In recent history, Champagne has witnessed a staggering increase in popularity, with demand rising from 50 million bottles in the 1970's to an astounding 300 million bottles today. Thus, the already limited supply is therefore dwindling, houses cannot increase their output to meet this demand, and consumer awareness of Champagne as an investment is also growing. Furthermore, with prices for top Bordeaux and Burgundy wines becoming prohibitive and the market volatile, vintage Champagne offers relative affordability and reliability in comparison. The average price of a case of vintage Champagne is £1,500 compared to £4,000/case for one of the First Growths (Bordeaux) and £22,000/case for DRC's Burgundy. (Source Liv-ex)
Champagne therefore offers first time investors a lower entry point, and seasoned investors value for money when expanding their portfolios.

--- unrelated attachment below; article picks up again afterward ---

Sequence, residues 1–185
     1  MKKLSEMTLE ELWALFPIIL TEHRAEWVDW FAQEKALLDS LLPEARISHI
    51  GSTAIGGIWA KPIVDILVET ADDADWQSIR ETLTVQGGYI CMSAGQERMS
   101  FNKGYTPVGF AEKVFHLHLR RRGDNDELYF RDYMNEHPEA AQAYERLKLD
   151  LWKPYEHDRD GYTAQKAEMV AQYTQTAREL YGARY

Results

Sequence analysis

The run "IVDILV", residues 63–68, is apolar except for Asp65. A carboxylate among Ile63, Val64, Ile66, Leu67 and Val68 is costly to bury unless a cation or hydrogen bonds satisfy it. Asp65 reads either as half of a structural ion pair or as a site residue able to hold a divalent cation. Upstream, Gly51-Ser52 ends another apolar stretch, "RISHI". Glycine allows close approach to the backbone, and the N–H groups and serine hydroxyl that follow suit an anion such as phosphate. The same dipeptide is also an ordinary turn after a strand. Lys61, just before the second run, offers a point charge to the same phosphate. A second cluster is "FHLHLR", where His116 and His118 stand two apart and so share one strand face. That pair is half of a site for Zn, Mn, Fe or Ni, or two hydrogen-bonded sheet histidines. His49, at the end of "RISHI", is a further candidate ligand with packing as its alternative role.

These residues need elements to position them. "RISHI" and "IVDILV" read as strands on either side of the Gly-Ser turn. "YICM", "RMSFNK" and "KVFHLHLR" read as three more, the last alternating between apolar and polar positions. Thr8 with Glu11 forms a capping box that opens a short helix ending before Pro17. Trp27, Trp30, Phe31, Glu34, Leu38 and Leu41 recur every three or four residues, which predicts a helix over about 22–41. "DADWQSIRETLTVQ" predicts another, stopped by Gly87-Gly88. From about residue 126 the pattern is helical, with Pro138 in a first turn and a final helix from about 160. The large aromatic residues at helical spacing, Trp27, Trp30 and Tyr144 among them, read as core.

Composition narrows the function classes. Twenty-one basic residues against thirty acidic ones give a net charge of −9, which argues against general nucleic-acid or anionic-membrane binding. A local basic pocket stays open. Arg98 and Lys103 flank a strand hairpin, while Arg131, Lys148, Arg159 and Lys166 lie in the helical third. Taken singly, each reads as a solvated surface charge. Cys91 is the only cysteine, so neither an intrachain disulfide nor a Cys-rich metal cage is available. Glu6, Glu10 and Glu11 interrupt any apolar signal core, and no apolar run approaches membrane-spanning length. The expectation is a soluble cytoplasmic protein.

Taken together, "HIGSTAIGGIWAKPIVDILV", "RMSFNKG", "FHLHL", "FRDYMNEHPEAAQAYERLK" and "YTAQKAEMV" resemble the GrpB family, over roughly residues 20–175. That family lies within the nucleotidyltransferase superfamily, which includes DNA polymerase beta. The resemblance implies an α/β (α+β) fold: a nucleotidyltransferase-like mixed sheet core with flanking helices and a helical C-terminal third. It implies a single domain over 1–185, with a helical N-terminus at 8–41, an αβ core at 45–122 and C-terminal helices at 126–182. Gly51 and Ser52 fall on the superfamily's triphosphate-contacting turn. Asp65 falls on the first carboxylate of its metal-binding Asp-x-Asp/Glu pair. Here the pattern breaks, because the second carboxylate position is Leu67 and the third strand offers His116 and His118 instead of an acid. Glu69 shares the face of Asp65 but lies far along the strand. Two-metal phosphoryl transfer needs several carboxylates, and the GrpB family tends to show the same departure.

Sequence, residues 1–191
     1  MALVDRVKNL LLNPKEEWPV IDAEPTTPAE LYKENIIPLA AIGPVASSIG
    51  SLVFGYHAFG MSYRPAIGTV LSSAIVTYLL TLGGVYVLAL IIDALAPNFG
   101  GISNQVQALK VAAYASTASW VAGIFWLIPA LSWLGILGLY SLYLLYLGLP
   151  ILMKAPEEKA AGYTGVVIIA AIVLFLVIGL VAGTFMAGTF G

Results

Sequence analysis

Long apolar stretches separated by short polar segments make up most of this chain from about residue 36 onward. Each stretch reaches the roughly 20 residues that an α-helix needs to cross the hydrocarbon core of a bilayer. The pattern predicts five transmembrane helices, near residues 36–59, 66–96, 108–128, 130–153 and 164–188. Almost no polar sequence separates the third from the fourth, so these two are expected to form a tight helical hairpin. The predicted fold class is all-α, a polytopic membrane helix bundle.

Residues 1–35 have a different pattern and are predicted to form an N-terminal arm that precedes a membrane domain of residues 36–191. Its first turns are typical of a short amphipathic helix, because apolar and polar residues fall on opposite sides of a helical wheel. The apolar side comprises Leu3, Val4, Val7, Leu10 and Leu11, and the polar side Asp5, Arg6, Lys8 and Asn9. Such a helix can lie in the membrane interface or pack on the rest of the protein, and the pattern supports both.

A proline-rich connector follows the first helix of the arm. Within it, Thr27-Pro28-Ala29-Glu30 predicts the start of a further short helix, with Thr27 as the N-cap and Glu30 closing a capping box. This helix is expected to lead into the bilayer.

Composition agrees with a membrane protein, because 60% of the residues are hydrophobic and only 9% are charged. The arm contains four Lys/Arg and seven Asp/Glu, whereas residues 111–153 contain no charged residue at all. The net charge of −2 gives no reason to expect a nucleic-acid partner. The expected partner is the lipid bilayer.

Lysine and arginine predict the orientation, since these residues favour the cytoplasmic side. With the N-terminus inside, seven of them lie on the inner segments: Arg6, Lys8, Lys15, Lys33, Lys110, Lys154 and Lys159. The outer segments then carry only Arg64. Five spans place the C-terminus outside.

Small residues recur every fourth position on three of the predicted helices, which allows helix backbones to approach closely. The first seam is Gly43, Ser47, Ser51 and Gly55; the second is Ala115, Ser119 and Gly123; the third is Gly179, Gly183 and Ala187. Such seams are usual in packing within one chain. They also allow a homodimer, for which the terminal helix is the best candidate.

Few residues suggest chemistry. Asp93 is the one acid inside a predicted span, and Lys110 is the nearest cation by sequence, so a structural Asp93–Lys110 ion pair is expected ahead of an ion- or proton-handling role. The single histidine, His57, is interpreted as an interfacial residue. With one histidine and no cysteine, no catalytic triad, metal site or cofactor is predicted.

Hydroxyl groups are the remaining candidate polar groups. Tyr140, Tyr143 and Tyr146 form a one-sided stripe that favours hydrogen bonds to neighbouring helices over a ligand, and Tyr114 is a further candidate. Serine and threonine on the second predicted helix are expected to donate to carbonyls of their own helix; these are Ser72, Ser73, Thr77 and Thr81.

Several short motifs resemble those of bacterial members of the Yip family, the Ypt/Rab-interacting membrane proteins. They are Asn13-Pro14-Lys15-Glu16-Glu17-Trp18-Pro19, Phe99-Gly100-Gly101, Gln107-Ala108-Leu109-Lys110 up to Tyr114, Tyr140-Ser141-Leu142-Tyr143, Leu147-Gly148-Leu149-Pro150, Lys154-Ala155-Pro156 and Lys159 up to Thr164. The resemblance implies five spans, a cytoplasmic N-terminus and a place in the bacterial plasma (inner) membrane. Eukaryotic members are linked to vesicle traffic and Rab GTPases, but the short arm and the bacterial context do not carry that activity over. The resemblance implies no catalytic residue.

The London International Vintners Exchange (Liv-ex) is a leading fine wine 'members only' exchange for merchants, brokers and négociants. Collecting thousands of prices on a daily basis from its member merchants and the wider wine world, Liv-ex possesses the world's largest and most current standardized database of fine wine prices; we use their figures due to their neutral market position.
Liv-ex's Champagne 50 Index shows the excellent performance of vintage Champagne in recent years, steadily outperforming the Burgundy 150 and Bordeaux 500 indices. Between January 2005 and January 2015, the Champagne 50 has experienced a 137% Mid Price increase: